“Really, you know,” said MacArthur, “I don’t see what the point of all your lunacy is. I don’t know if you’re aware of it, but the Old Man’s getting jolly sick with you.”
“I didn’t know,” said Charteris, “but I’m very glad to hear it. For hist! I have a ger-rudge against the person. Beneath my ban that mystic man shall suffer côute qui côute, Matilda. He sat upon me—publicly, and the resulting blot on my escutcheon can only be wiped out with gore—or broken rules.”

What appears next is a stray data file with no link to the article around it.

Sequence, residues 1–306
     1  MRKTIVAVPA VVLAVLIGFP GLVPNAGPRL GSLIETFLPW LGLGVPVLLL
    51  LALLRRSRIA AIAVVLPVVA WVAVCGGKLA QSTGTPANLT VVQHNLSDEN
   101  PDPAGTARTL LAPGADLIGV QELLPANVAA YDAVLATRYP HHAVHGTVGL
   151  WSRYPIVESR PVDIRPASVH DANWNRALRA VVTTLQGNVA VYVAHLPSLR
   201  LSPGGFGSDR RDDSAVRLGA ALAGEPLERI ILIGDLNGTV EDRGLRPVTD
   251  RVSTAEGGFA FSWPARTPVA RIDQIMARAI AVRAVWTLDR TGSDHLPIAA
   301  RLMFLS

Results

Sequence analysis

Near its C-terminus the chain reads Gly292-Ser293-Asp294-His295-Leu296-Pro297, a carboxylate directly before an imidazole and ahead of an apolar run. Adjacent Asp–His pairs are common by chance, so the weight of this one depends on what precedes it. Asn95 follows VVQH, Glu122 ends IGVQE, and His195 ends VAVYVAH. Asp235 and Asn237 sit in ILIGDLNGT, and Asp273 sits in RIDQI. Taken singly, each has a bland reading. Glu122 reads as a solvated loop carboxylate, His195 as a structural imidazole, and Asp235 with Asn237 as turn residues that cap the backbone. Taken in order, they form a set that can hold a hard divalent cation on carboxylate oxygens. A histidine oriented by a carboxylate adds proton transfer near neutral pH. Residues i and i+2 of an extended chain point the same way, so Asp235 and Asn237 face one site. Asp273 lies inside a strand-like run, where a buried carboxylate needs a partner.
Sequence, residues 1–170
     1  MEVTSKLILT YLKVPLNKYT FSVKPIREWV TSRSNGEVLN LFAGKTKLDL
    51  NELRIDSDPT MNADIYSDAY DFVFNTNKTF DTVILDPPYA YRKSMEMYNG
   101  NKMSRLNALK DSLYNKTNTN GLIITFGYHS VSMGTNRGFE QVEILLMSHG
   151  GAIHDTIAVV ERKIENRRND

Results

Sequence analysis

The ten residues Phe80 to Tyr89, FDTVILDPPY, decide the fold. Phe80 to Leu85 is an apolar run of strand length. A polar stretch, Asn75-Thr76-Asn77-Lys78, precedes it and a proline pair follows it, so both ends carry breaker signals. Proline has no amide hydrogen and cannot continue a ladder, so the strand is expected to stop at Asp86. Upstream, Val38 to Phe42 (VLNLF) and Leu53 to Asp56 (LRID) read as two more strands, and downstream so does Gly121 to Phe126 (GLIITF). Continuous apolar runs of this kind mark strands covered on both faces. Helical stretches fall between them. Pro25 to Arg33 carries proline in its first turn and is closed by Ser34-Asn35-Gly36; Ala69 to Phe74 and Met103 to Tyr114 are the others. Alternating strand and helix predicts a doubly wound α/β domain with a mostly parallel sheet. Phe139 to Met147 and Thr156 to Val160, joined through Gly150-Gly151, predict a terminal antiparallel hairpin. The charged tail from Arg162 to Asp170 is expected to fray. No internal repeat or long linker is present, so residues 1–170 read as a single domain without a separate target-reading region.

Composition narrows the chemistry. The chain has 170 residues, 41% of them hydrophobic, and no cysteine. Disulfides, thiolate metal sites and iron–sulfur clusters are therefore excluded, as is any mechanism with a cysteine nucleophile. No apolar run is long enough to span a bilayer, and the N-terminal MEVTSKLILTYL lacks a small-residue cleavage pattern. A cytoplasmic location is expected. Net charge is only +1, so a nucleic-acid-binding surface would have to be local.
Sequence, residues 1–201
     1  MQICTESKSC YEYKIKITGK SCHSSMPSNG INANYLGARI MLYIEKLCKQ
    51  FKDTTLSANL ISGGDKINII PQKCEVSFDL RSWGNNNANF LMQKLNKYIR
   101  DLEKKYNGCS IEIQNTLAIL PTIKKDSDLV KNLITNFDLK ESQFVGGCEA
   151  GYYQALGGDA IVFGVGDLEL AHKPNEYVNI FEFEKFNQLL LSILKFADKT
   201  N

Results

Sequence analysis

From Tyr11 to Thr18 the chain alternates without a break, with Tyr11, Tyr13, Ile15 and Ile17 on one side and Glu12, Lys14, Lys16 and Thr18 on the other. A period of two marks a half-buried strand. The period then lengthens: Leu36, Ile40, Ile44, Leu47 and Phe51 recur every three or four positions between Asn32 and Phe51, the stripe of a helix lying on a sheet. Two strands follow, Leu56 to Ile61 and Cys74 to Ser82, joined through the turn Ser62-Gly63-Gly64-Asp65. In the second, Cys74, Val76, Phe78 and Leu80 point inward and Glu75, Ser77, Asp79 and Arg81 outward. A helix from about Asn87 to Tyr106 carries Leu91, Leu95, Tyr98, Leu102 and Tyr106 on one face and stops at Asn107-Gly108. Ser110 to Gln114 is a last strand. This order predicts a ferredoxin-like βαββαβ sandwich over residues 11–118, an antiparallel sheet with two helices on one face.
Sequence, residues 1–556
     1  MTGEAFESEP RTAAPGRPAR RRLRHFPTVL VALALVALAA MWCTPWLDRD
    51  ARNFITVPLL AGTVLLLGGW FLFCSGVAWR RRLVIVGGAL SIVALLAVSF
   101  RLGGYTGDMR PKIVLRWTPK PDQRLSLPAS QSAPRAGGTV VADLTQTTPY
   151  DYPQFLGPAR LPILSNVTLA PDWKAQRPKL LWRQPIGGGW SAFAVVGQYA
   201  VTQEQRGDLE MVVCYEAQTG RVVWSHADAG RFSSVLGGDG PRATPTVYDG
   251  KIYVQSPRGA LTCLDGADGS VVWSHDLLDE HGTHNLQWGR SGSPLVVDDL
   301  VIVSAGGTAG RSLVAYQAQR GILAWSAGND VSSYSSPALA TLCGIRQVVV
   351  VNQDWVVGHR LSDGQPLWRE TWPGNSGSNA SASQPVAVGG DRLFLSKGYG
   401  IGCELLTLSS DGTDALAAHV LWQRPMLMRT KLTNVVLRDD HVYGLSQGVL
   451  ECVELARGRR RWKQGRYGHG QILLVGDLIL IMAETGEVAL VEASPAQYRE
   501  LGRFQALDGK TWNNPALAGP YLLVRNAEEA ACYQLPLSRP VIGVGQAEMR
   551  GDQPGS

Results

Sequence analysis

To listen to Charteris on the subject, one might have thought that he considered the matter rather amusing than otherwise. This, however, was simply due to the fact that he treated everything flippantly in conversation. But, like the parrot, he thought the more. The actual casus belli had been trivial. At least, the mere spectator would have considered it trivial. But Charteris, though he would have considered it an insult if anybody had told him so, was sensitive. The affair had happened after this fashion. Charteris was a member of the school corps. The orderly-room of the school corps was in the junior part of the school buildings. Charteris had been to replace his rifle in that shrine of Mars after a mid-day drill, and on coming out into the passage had found himself in the middle of a junior school rag of the conventional type. Somebody’s cap had fallen off, and two hastily picked teams were playing football with it (Association Rules). Now, Charteris was not a prefect. (That, by the way, was another source of bitterness in him towards the Powers, for he was well up in the Sixth, and the others of his set, Welch, Thomson, the Babe, and Tony Graham, who were also in the Sixth—the two last below him in form order, had already received their prefect’s caps). Not being a prefect, it would have been officious in him to have stopped the game. So he was passing on with what Mr. Hurry Bungsho Jabberjee, B.A. would have termed a beaming simper of indescribable suavity, when a member of one of the opposing teams, in effecting a G. O. Smithian dribble, cannoned into him. To preserve his balance, he grabbed at the disciple of Smith amidst applause, and at the precise moment that he did so, a new actor appeared upon the scene—the Headmaster. Now, of all things that lay in his province, the Headmaster most disliked to see a senior “ragging” with a junior. He had a great idea of the dignity of the senior school, and did all that in him lay to see that it was kept up. The greater the number of the juniors with whom the senior was discovered ragging, the more heinous the offence. Circumstantial evidence was dead against Charteris. To all outward appearances, he was one of the players in the impromptu football match. The soft and fascinating beams of the simper, to quote Mr. Jabberjee once more, had not yet faded from his face. In fact, there he was—caught in the act.